I talked with 3 different people today about the problems they are having and how it is primarily because they have a terrible laptop posture. Let’s look at ways to improve that position to avoid injury.
In this day and age many people use their laptop as their primary computer, so it’s important to have it setup correctly in order to avoid back pain, neck pain, and other musculoskeletal injuries or strains. The problem is that laptop computers are designed with portability in mind rather than sound ergonomic principles. Basically, if the screen is at the right height then the keyboard is too high, and if the keyboard is in the right position, then the screen is too close and too low.And laptop touchpads and trackballs are never very user friendly. Given these challenges, here are 10 simple tips for the best laptop setups:
Use a large screen. Get a laptop with the largest screen possible for your needs to avoid the stressful posture that results from straining to see the text on a small screen. Many laptops offer large screens (15″ plus), but these can be difficult to use while on the go. There are a number of smaller notebook and ultra-portable laptops on the market, and while a smaller screen (12.1″) can be useful in mobile settings, make sure that you’re able to read the screen characters and easily use the keyboard (the smaller the laptop, the smaller the keyboard). If you find yourself straining to see your screen, increase the font size.
Place the screen at eye level. Ideally, set your laptop height and screen angle so you can easily view the screen without bending or rotating your neck, and put it about an arm’s length in front of you. To do this, you will usually need to elevate the laptop a few inches above your desk, which you can do by placing it on a stable support surface such as a laptop stand or on a thick book.
Don’t slouch. Despite the name “laptop”, you want to avoid propping your laptop on top of your lap as this requires you to slouch down to see the screen.If you have to work on your lap, such as while you’re on the train, at least put the laptop on top of your computer bag or briefcase so you can raise it up slightly.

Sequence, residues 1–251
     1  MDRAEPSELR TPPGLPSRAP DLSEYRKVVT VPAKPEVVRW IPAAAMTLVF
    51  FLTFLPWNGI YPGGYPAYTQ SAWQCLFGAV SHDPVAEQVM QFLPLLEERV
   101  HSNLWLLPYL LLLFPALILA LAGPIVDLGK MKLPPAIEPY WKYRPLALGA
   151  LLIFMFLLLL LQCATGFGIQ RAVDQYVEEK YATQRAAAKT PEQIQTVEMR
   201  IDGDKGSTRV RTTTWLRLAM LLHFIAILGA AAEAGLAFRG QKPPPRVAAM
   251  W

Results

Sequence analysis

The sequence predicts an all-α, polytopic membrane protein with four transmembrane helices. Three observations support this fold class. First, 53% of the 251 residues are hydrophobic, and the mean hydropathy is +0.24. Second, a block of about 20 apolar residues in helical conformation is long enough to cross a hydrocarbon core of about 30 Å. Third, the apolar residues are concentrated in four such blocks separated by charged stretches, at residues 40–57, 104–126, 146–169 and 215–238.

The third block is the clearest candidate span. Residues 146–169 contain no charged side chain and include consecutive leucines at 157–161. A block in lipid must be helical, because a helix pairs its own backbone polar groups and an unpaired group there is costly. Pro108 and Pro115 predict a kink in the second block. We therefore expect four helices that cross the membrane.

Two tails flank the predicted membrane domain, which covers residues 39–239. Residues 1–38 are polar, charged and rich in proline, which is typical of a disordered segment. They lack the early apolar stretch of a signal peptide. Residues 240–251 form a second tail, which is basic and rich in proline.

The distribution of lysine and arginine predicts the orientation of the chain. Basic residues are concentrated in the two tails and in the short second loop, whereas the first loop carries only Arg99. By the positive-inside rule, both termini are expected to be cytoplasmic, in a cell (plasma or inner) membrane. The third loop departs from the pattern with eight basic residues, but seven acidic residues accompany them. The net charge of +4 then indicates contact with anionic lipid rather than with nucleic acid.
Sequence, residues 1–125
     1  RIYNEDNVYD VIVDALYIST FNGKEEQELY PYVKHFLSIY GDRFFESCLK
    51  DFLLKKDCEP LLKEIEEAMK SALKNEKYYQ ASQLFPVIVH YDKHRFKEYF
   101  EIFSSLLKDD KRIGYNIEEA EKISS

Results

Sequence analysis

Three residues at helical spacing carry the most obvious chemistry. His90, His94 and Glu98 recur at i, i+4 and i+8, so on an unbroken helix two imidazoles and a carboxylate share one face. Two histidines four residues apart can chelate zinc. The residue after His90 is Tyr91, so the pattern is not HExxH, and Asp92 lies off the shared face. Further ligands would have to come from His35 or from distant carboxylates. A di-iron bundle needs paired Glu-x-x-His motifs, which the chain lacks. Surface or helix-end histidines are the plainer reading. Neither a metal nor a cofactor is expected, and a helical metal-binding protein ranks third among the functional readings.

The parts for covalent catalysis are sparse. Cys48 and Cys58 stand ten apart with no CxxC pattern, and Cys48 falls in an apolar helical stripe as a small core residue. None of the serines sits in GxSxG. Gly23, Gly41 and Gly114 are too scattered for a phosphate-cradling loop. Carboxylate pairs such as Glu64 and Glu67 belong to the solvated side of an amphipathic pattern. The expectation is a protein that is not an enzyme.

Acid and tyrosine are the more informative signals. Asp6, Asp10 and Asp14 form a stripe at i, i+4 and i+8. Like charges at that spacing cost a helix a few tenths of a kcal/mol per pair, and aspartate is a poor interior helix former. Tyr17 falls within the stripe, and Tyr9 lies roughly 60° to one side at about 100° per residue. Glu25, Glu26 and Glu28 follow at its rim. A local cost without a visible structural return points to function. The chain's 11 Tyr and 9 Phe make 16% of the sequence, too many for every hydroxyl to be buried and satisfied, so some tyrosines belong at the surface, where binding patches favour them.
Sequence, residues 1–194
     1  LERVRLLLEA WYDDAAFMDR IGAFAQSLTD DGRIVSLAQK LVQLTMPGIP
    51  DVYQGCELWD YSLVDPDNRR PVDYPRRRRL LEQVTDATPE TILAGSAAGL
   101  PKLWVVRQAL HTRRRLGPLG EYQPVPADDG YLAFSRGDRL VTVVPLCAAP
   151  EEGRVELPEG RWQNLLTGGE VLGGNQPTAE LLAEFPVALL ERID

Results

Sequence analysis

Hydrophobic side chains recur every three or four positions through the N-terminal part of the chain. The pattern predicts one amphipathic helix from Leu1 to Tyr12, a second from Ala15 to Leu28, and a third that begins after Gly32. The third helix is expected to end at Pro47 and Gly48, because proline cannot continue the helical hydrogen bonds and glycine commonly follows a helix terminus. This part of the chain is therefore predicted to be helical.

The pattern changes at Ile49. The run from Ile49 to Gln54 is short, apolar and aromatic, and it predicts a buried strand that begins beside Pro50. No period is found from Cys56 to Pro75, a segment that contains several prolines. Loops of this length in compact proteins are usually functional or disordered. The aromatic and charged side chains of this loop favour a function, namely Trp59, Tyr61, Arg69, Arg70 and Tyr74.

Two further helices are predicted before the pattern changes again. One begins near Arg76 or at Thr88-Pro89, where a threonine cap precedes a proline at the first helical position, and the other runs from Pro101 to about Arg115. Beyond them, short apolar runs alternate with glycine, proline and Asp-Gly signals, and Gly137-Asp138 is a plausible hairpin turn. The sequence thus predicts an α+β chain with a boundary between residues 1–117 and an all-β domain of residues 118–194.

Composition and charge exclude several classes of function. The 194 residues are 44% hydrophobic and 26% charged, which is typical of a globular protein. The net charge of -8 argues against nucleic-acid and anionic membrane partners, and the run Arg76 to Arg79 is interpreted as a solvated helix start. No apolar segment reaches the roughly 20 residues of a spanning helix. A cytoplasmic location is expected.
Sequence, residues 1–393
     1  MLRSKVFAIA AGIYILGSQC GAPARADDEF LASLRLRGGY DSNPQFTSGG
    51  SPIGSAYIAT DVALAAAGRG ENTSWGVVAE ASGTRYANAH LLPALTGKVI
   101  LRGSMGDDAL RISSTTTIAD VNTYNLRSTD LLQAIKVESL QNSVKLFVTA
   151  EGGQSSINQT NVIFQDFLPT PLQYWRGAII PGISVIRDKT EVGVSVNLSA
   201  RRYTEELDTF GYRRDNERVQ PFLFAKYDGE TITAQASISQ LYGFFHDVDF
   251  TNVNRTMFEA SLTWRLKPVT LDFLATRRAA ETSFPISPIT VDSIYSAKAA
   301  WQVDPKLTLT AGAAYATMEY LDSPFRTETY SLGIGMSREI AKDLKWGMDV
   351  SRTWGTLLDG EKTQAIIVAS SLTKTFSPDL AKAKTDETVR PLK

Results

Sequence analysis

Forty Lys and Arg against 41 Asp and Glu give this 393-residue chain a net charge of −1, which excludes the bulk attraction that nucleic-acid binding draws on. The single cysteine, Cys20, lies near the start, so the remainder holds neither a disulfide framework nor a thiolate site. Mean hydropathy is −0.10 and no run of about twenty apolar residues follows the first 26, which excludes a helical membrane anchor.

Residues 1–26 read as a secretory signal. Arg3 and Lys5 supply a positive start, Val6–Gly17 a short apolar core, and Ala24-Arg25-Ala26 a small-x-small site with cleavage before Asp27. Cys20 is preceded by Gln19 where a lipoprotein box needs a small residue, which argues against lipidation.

Use a separate keyboard. When using the laptop for extended periods, use an external, full-sized keyboard with your laptop and position it at a height that allows your shoulders and arms to be in a relaxed position, with your elbows at a 90° angle when typing. Ideally, place the separate keyboard on a keyboard tray beneath your desk surface to help ensure that your wrists stay in a neutral (flat) position.
Use a separate mouse. Be kind to your wrists by using an independent mouse rather than the mouse that’s incorporated into your laptop keyboard. Ideally, place the mouse on an adjustable-position mouse platform so you can keep it near your body and keep your wrist flat while using it.
Recline slightly. If you can’t use a separate keyboard and mouse, an alternative is to find a chair that allows you to recline slightly. This will allow you to position the laptop keyboard and mouse with the least strain on your neck. Angle the screen slightly upward so that you can view the screen without having to bend your neck too far down.
Prop up your feet. If you have to raise your chair so that your arms and wrists are positioned comfortably, check to see how your legs are angled. Your knees should be at about the level of your hips. If your hips are too high, you need to put a footrest or small box under your feet to prop them up and keep excess strain off your lower back.
Make your chair work for you. The type of office chair you use is critical.Basically, any office chair that is fully adjustable and has lumbar support will work, but you need to be sure to set it up correctly.Follow this diagram on how to set up your office chair.
Take a break. Take brief breaks every half hour, at the very least taking your eyes off the screen and letting them rest on something in the distance, and doing some simple stretches while at your desk, such as stretching your neck, shoulders, arms and legs. Every one or two hours, leave your desk to walk around to get your blood flowing and move your muscles. Downloadable Stretch Break™ software reminds you to stretch and gives you stretching ideas.
Travel light. Be careful when carrying your laptop around. The power supply cord, spare battery and other accessories in your laptop bag may add a lot of weight. If you carry your laptop to work and home again, get duplicate power cords and other peripheral components to leave in each place so that you don’t have to carry everything back and forth. Carry your bag across your lower back in a messenger bag style, or use a backpack with dual padded shoulder straps (and avoid draping the bag over just one shoulder). If your laptop and components weigh more than 10 lbs, a roll-along carrier is the best choice.
I realize that not all of the above tips will always be practical, but if you use your laptop daily, paying attention to how you set it up will go a long way to easing back pain and strain on your joints and muscles.[Translate]